This survey surprised us. We wanted to know the baseline appetite for green tax reform to inform our TransformTax project. What the results showed, in fact, was that the public is already ahead of the government on this and support for green reforms to the tax system is strong. With plans for a green recovery underway, the Treasury should finally start transforming the UK’s outdated tax system to meet government priorities and help businesses and individuals contribute to a more sustainable future. In its forthcoming Net Zero Review, it has the perfect opportunity to signal how it intends to achieve this.


  • The public want green taxes?

    Are you sure.
    Are you really, really sure?

    …..because I think the public will be very surprised that the Green Alliance want a 300% increase in the tax on their gas bills at home.. (5% VAT to 20% VAT)

    Politicians should be careful listening to these type of surveys (very carefully worded) as the public may backlash against the politicians when they realise. See the recent ‘meat’ taxes proposed, presumably backed up by all sorts of surveys (and CCC etc). yet the idea was squashed by Boris Johnson, the same day, the idea was floated in the Times.

    can you imagine Labour politicians going after the Tories (20% VAt on gas, or meat) accusing them of pushing pensioners into fuel poverty, warm Home and Hot Water tax… they will call it (or worse) – of course Labour also support NetZero, so opportunism on their part..

    • Our survey was meant to establish how people feel about the principles of greening of the tax system – making environmentally damaging activities more expensive and environmentally beneficial activities less expensive.

      What we’ve advocated for when it comes to VAT on domestic gas is a better approach to decarbonising heating and tackling fuel poverty. So, while the lower rate of VAT on domestic should be ended, it should only be done in conjunction with measures and funding to make sure people have easy to heat and warm homes. See our previous report:

      Current government policy ‘protects the poor’ by making it cheap for them, and everyone else, to burn high carbon fuels. The approach means that the benefits in cash terms overwhelmingly accrue to wealthier people, with no incentive to switch to low or no carbon heating systems. It would be better to end the subsidy in conjunction with investing the revenue gained in energy efficiency and low carbon heating for those on low incomes, so they can have comfortable homes without damaging the planet.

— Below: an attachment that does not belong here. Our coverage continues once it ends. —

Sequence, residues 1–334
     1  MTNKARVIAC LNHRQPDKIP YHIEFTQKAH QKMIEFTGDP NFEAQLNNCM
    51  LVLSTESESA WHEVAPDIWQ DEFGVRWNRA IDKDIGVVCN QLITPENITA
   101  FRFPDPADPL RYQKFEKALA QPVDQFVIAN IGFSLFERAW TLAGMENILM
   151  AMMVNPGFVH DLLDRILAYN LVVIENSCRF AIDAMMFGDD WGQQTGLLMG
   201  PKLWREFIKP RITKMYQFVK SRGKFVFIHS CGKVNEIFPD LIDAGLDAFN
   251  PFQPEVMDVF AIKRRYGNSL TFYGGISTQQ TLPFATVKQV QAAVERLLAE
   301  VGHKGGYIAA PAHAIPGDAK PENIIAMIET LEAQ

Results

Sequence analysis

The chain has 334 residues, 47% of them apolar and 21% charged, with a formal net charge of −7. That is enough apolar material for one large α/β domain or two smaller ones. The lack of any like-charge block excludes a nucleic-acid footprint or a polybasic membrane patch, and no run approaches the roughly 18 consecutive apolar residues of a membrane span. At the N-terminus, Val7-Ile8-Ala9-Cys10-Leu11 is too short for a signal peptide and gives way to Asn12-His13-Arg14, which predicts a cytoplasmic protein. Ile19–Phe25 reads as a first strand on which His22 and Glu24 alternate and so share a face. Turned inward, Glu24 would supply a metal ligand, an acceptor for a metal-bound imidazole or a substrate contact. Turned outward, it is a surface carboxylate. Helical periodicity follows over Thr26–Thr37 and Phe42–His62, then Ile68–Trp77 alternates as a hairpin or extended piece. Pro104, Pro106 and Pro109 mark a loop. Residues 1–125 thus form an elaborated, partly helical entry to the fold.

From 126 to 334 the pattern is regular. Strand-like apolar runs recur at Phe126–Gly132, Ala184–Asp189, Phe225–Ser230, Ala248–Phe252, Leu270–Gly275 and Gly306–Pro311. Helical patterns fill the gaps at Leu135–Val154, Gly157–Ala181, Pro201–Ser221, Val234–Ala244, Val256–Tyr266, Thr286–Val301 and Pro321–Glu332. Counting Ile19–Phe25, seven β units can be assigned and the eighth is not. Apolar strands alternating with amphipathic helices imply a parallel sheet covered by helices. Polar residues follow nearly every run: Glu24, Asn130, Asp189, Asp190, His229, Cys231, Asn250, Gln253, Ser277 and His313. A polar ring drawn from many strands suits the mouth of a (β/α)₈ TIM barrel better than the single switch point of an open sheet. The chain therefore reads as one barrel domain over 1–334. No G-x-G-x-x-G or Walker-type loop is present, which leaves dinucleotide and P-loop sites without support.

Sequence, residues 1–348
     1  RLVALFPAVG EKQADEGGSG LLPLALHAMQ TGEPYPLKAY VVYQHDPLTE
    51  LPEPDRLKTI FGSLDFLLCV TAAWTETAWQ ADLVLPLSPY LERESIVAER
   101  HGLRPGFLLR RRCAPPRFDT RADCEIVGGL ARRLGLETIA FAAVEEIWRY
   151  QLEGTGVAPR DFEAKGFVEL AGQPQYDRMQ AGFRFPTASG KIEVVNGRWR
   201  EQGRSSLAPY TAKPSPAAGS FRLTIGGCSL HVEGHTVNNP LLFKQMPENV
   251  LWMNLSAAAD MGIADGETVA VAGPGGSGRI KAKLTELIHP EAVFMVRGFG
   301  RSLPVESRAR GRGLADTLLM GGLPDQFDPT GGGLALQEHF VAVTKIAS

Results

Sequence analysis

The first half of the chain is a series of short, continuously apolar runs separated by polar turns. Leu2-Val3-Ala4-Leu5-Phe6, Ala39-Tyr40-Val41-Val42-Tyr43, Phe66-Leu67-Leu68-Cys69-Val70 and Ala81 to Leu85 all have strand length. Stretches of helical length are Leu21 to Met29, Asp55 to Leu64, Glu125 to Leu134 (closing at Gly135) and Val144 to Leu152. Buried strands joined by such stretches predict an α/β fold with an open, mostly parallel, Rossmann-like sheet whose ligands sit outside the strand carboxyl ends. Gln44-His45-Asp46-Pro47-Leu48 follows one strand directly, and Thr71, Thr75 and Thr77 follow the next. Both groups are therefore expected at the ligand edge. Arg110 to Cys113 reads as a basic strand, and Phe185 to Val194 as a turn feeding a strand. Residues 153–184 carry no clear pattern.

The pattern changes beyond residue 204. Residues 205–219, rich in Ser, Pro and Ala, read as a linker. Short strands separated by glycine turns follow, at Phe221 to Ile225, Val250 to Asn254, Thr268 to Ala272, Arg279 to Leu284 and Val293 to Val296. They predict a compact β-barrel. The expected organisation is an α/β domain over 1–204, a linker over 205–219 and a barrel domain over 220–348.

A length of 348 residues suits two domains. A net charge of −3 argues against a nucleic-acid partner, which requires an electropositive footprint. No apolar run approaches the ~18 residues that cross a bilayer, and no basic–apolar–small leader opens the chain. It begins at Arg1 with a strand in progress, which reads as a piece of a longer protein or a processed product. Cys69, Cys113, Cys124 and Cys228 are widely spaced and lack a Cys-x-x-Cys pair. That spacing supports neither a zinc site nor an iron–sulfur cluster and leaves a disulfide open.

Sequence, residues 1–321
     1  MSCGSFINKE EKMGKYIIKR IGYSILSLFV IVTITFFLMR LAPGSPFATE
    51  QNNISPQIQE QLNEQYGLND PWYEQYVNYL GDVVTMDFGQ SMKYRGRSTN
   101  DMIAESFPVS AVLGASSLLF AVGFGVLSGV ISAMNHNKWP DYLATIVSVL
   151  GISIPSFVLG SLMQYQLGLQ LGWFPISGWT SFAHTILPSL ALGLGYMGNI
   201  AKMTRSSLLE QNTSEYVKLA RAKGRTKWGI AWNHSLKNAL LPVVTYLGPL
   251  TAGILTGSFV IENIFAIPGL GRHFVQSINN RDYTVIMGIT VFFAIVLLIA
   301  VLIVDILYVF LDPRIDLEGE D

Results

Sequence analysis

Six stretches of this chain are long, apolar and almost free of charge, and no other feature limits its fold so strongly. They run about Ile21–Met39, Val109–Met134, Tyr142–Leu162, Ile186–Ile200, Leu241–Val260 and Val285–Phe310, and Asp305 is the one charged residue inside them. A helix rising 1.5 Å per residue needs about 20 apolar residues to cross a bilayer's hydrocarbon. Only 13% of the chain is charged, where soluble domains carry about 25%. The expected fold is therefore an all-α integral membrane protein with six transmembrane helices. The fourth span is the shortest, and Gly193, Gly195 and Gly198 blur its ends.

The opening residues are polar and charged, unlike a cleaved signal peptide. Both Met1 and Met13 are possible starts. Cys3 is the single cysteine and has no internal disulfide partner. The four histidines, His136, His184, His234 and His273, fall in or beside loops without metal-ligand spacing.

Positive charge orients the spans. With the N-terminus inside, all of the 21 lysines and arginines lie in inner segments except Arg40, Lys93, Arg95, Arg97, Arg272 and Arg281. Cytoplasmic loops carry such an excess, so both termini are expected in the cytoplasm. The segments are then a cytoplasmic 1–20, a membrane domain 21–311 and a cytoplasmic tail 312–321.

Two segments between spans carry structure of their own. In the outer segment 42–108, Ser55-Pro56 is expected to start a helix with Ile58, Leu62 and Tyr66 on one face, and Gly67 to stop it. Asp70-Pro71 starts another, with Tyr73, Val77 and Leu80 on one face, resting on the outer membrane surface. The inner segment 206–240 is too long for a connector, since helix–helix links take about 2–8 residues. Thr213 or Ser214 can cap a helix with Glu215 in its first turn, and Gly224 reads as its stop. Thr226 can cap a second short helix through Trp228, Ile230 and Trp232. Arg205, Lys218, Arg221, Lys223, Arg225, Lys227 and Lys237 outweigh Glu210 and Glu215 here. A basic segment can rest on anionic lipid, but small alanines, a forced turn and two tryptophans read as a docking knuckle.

A substantial body of evidence shows that it is possible to end the lower rate VAT on household energy, while benefiting the majority of low income households, if appropriately designed redistributive packages are used. See, for example: Joseph Rowntree Foundation, 2013, ‘Designing carbon taxation to protect low income households’; Institute of Fiscal Studies, 2013, ‘Household energy use in Britain: a distributional analysis’; and A Advani and G Stoye, June 2017, ‘Cheaper, greener and more efficient: rationalising UK carbon prices’, in Fiscal Studies, volume 38, issue 2

  • The public would like green taxes just as long as other (preferably richer) people pay them I suspect. I am notoriously cynical though but imagine governments realised that rainforests could be carefully used in situ without wrecking them so helped poorer countries to develop while conserving valuable habitat (see E O Wilson’s The Diversity of Life). The initial request for support and investment falls on stony ground so they put 2p on higher tax rates and cause a storm of outrage.

    More targeted taxes might be more sensible but could still misfire. Reducing cattle and sheep numbers might be sensible but needs major investment up front, geographical targeting, alternatives to by-products like manure, a commitment to conservation and existing stocks of beef, lamb and dairy to be eaten. If a cull were sensible or just occurred (see Shetland 2007 – 5000 healthy sheep killed but mostly wasted) then the resulting meat and offal should be eaten too. The obvious ideas of beef / lamb taxes and/or cutting demand are the wrong way round and a cop-out; they could misfire badly.